The phylogeny of the placental mammals serves well to illustrate the problem of outgroups and long-branch attraction. The rapidly growing literature on mammalian phylogeny was recently reviewed by Springer et al. (2004). Molecular data have revolutionized the study of the higher level phylogeny of mammals and overthrown some classical ideas based on morphology. One of the most exciting findings was the discovery of an African clade (Springer et al., 1997; de Jong, 1998; Stanhope et al., 1998a; Stanhope et al., 1998b) which included not only the paenungulates (elephants, sirenians and hyraxes) but also the aardvark, elephants shrews, golden moles and tenrecs. However, the early history of the now emerging mammalian molecular phylogeny has also been bordered with radical news from mitochondrial genome data such as the classical “the guinea-pig is not a rodent” (D'Erchia et al., 1996), and that the hedgehog is the most basal placental mammal (Krettek et al., 1995). Both these hypotheses are related to the rooting of the eutherian tree; the hedgehog obviously being the edge where the marsupial outgroup attaches on the placental tree to make it the first offshoot, and the guinea-pig was not a rodent because the tree was rooted inside Rodentia on the mouse/rat (murid rodents) clade. Both the hedgehog and the murids have been shown to differ markedly in the inferred evolutionary rate as well as in base composition and always end up with long branches (Sullivan and Swofford, 1997; Waddell et al., 1999; Nikaido et al., 2001, 2003; Lin et al., 2002a,b).
“The guinea-pig is not a rodent”
“The guinea-pig is not a rodent” claim was forcefully disputed and shown to be susceptible to: (1) additional taxon-sampling (Philippe, 1997), and (2) taking rate-heterogeneity across sites into account (Sullivan and Swofford, 1997). Sullivan and Swofford (1997) additionally showed that the opossum outgroup behaves like a random sequence and thus rooted the ingroup on the longest branches (within rodents) as expected (Wheeler, 1990). Nevertheless, Reyes et al. (1998, 2000a,b) stubbornly continued to argue for the non-monophyly of rodents. Reyes et al. (2000a) completely missed the point though, when based on a relative-rate test they argued that the basal position of the murid clade cannot be an LBA artifact since similar rates are found in the other rodents that branch second (nucleotides) or third (amino acids) from the ingroup root. They argue that the non-murid rodents in such cases should have been affected by the outgroup “in the same way” as the murids. However, in what way one or several branches are pulled down towards the outgroup by LBA cannot be easily predicted in other ways than maybe by parametric simulations (see above). Needless to say there might be long branches in a tree not affected by LBA at the same time as equally long branches are affected by LBA; a larger number of synapomorphies that overcomes possible artifacts might exist in one case, but not in the other. In addition, how the outgroup is supposed to affect two or more long branches simultaneously “in the same way”, being able to root only on one branch at a time, is to me a riddle. Reyes et al. (2000b) on the other hand, refute LBA as a cause of rodent non-monophyly by using RASA (Lyons-Weiler and Hoelzer, 1997), since no “problematic long-branched taxa” were found by that method. This needs no further comments than what has been said about RASA, above, and by Simmons et al. (2002), Faivovich (2002), Farris (2002) and Grant and Kluge (2003).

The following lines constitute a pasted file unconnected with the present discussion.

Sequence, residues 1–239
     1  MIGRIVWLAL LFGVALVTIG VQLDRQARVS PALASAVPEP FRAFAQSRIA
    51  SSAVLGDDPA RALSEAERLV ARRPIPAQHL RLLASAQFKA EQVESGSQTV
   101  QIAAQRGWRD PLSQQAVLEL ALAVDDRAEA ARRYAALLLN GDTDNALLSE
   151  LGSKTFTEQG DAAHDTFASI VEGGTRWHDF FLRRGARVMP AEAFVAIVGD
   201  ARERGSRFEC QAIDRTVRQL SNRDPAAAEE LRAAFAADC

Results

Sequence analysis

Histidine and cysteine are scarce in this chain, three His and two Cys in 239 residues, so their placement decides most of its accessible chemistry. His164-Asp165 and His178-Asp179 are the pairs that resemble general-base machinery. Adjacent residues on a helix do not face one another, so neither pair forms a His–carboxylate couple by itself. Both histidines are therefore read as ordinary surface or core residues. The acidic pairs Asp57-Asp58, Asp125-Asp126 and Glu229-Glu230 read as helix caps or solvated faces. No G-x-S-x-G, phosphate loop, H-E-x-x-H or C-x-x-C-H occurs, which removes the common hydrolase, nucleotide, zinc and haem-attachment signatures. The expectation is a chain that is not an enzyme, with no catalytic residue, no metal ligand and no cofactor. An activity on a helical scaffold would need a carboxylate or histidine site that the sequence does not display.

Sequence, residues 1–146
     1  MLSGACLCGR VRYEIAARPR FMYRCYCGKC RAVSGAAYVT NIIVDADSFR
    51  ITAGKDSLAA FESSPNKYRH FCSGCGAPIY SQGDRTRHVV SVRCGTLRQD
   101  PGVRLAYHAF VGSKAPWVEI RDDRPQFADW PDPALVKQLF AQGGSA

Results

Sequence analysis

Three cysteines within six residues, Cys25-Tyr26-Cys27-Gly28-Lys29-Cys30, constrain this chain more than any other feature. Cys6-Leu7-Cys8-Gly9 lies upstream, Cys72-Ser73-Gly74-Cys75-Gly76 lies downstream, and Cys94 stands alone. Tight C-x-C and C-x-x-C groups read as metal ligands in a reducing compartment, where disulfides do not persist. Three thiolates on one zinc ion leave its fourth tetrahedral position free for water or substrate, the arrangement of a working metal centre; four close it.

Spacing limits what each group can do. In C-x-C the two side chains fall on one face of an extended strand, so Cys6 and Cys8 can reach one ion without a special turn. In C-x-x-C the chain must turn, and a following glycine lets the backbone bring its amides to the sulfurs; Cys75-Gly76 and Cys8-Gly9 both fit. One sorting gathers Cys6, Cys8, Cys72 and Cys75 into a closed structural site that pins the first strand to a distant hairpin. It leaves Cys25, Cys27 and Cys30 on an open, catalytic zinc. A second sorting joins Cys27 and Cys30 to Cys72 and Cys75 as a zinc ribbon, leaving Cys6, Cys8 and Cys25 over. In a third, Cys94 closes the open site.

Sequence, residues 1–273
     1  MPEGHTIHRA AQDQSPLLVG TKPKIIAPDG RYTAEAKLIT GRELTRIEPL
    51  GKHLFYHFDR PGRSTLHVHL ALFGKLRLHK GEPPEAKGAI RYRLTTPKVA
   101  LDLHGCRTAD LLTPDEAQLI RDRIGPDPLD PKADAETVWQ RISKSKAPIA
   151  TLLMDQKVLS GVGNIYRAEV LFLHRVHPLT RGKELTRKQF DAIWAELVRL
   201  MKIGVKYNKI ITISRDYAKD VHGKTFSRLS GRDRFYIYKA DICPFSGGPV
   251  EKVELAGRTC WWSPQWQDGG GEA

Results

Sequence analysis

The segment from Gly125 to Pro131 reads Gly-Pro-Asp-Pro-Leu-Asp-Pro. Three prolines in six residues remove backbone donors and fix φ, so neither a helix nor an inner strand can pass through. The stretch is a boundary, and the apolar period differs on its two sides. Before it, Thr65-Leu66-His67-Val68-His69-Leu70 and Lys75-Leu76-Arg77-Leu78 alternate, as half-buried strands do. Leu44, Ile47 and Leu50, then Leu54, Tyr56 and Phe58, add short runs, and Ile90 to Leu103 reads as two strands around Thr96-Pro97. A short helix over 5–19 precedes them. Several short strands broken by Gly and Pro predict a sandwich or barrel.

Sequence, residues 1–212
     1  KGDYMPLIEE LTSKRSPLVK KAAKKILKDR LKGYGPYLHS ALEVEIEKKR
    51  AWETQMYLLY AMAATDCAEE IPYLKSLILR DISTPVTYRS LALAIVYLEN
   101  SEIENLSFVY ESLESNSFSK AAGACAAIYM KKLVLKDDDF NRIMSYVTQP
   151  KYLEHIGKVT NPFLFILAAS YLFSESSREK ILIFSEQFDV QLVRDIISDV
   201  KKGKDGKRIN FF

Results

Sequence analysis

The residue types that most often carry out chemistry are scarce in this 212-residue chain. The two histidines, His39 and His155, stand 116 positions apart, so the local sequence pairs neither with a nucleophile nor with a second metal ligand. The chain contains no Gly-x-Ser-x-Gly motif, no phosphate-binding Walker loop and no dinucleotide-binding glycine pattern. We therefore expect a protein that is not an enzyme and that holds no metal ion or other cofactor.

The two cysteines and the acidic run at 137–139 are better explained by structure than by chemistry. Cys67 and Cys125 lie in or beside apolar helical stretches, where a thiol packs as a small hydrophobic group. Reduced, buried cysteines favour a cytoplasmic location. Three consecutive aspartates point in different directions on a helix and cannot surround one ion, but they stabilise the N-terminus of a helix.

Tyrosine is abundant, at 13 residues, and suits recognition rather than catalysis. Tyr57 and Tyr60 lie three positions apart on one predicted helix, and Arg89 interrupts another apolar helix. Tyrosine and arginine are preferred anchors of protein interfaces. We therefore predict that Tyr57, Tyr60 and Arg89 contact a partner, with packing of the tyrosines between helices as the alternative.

When the mitochondrial genome of the hedgehog was first sequenced, this species ended up basal in the eutherian tree (Krettek et al., 1995), but even as more insectivore mitochondrial genomes became available, the hedgehog would not group with the mole or shrew but was always pulled down to the outgroup (Mouchaty et al., 2000a,b; Nikaido et al., 2001). In several mitogenomic eutherian studies the hedgehog sequence has simply been excluded a priori because it is argued to be too different, represent a long problematic branch, a rogue taxon, and violates assumptions inherent to phylogenetic methods (Sullivan and Swofford, 1997; Cao et al., 1998, 2000; Reyes et al., 2000a,b; Lin et al., 2002b). The impressive datasets of nuclear genes on the other hand firmly place the hedgehog with the other eulipotyphlans in the Laurasiatheria clade (Madsen et al., 2001; Murphy et al., 2001a). Combining these two latter studies, Murphy et al. (2001b) analyzed the resulting 16 397 bp dataset with Bayesian methods and arrived at a well supported phylogeny with monophyletic Eulipotyphla and Rodentia, as well as a basal afrotherian clade, a clade with Xenarthra (sloths, armadillos and anteaters) and the two large sister clades Euarchontoglires and Laurasiatheria. This is where we stand today in placental phylogenetics (Springer et al., 2004). Finally, analyses of mitochondrial genomes also started to support a non-basal position of the hedgehog and eulipotyphlan monophyly (Nikaido et al., 2003), as well as the monophyly of rodents (Lin et al., 2002b) and came more and more into agreement with nuclear genes (Lin et al., 2002a; Reyes et al., 2004), with the notion that previous results were based on LBA artifacts (Waddell et al., 2001). The artifacts were mitigated by increasing taxon sampling and better likelihood models. Although remnants of support for the hedgehog-is-basal hypothesis can still be found (Arnason et al., 2002) the defense for “the guinea-pig is not a rodent” claim probably died out with Reyes et al. (2000b) denying the artifact using RASA.